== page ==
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A sports centre in Bangor is being turned into a field hospital - in just 16 days.
Bangor University scientists are coming together to find ways to monitor the spread of coronavirus.
Davey Jones, of the school of natural sciences, said an accurate estimation of infection spread would be "valuable information" for those trying to control the outbreak.
"While the number of hospitalisations of Covid-19 cases provides some measure of the disease within the population, it provides no reliable information on mild infections and carriers who show no symptoms,” he said.
The research group are going to test sewage to give an indicator of disease incidence.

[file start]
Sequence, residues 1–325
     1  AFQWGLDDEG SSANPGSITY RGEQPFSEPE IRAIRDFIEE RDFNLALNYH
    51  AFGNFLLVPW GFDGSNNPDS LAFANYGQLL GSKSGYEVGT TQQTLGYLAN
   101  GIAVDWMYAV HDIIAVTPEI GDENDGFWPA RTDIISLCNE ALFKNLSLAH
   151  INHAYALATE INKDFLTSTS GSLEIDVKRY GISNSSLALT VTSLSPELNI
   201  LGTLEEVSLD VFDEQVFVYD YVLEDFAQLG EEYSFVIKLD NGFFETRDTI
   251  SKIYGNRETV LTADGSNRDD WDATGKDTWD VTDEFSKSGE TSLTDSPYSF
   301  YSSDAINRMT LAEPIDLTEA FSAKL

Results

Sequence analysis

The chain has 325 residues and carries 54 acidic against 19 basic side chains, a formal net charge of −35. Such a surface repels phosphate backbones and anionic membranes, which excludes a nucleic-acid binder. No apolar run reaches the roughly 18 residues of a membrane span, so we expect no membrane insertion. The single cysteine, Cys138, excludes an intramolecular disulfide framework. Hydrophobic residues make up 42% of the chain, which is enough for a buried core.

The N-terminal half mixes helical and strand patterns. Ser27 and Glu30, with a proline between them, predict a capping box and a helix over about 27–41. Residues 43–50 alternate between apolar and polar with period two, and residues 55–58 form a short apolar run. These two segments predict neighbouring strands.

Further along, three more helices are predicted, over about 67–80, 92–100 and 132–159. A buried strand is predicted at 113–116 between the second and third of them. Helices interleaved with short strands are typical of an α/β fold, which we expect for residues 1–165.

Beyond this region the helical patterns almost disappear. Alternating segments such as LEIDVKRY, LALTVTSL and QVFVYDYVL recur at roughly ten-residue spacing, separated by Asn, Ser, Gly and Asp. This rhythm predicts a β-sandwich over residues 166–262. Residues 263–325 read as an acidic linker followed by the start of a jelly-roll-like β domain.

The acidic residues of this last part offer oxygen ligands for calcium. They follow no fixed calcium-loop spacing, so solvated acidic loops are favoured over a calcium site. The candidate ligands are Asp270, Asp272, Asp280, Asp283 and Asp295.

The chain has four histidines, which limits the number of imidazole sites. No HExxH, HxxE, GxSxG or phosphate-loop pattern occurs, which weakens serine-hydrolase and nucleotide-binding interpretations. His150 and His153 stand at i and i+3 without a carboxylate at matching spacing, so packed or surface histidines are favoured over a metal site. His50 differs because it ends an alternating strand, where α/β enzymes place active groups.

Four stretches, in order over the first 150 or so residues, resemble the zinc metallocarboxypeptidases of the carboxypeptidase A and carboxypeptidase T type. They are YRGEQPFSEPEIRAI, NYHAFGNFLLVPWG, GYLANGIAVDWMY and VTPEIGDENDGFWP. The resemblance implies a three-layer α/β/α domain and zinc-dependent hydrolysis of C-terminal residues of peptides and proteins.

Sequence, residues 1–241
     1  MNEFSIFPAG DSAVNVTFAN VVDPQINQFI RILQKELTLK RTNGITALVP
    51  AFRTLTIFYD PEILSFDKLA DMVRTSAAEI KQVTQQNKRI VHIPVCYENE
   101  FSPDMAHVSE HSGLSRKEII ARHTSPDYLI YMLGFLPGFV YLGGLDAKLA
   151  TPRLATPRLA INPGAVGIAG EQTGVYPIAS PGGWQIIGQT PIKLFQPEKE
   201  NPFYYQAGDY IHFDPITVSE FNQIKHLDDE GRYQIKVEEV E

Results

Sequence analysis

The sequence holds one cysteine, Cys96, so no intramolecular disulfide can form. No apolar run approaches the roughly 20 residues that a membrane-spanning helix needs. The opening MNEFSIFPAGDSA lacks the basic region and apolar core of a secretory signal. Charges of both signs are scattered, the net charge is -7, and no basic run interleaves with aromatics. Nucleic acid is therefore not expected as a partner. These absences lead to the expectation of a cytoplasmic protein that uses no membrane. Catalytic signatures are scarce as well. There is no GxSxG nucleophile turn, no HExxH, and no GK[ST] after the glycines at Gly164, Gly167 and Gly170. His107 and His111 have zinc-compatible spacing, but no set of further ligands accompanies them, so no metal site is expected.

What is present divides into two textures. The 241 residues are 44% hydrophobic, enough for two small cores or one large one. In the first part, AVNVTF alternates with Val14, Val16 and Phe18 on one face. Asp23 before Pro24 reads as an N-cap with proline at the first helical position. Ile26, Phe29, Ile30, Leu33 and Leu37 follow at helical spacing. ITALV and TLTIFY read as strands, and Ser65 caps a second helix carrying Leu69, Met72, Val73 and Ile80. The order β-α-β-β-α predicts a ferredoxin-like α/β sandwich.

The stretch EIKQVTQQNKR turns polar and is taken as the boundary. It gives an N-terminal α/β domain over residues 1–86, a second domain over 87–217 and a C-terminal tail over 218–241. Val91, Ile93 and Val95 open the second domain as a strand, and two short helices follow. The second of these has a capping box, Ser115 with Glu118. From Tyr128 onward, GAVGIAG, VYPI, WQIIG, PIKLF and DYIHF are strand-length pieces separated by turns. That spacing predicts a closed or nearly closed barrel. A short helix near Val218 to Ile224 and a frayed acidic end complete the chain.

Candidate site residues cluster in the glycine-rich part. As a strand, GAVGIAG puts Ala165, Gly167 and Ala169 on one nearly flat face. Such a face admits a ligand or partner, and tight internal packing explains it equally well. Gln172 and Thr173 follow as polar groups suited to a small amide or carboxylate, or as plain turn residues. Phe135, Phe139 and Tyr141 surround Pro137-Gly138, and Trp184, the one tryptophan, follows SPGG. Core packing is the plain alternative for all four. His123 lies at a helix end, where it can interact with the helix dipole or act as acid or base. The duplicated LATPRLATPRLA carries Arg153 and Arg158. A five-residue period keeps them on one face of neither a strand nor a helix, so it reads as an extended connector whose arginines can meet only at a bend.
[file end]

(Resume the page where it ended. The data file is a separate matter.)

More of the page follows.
"This is particularly suitable as most UK urban centres are served by only one or two waste water treatment works, providing a single integrated signal of millions of people in a single sample," Dr Jones said.
A temporary hospital with about 250 beds for patients with Covid-19 symptoms is being set up at Bangor University.
Sports and leisure facilities are being used in a partnership between the university and Betsi Cadwaladr University Health Board.
Health board chairman Mark Polin said: “The development of temporary hospitals like this are central to our plans to achieve the additional capacity we need, alongside developing additional space within our hospitals.
“I would like to assure the public that the preparatory work on identifying suitable sites has been underway for some time and is now moving at considerable pace.
“We are assessing sites in Flintshire and Wrexham where a third temporary hospital will be developed.”
Venue Cymru in Llandudno will also be converted to hold an additional 350 temporary beds, and construction work on a further 80 beds is currently taking place at Glan Clwyd Hospital.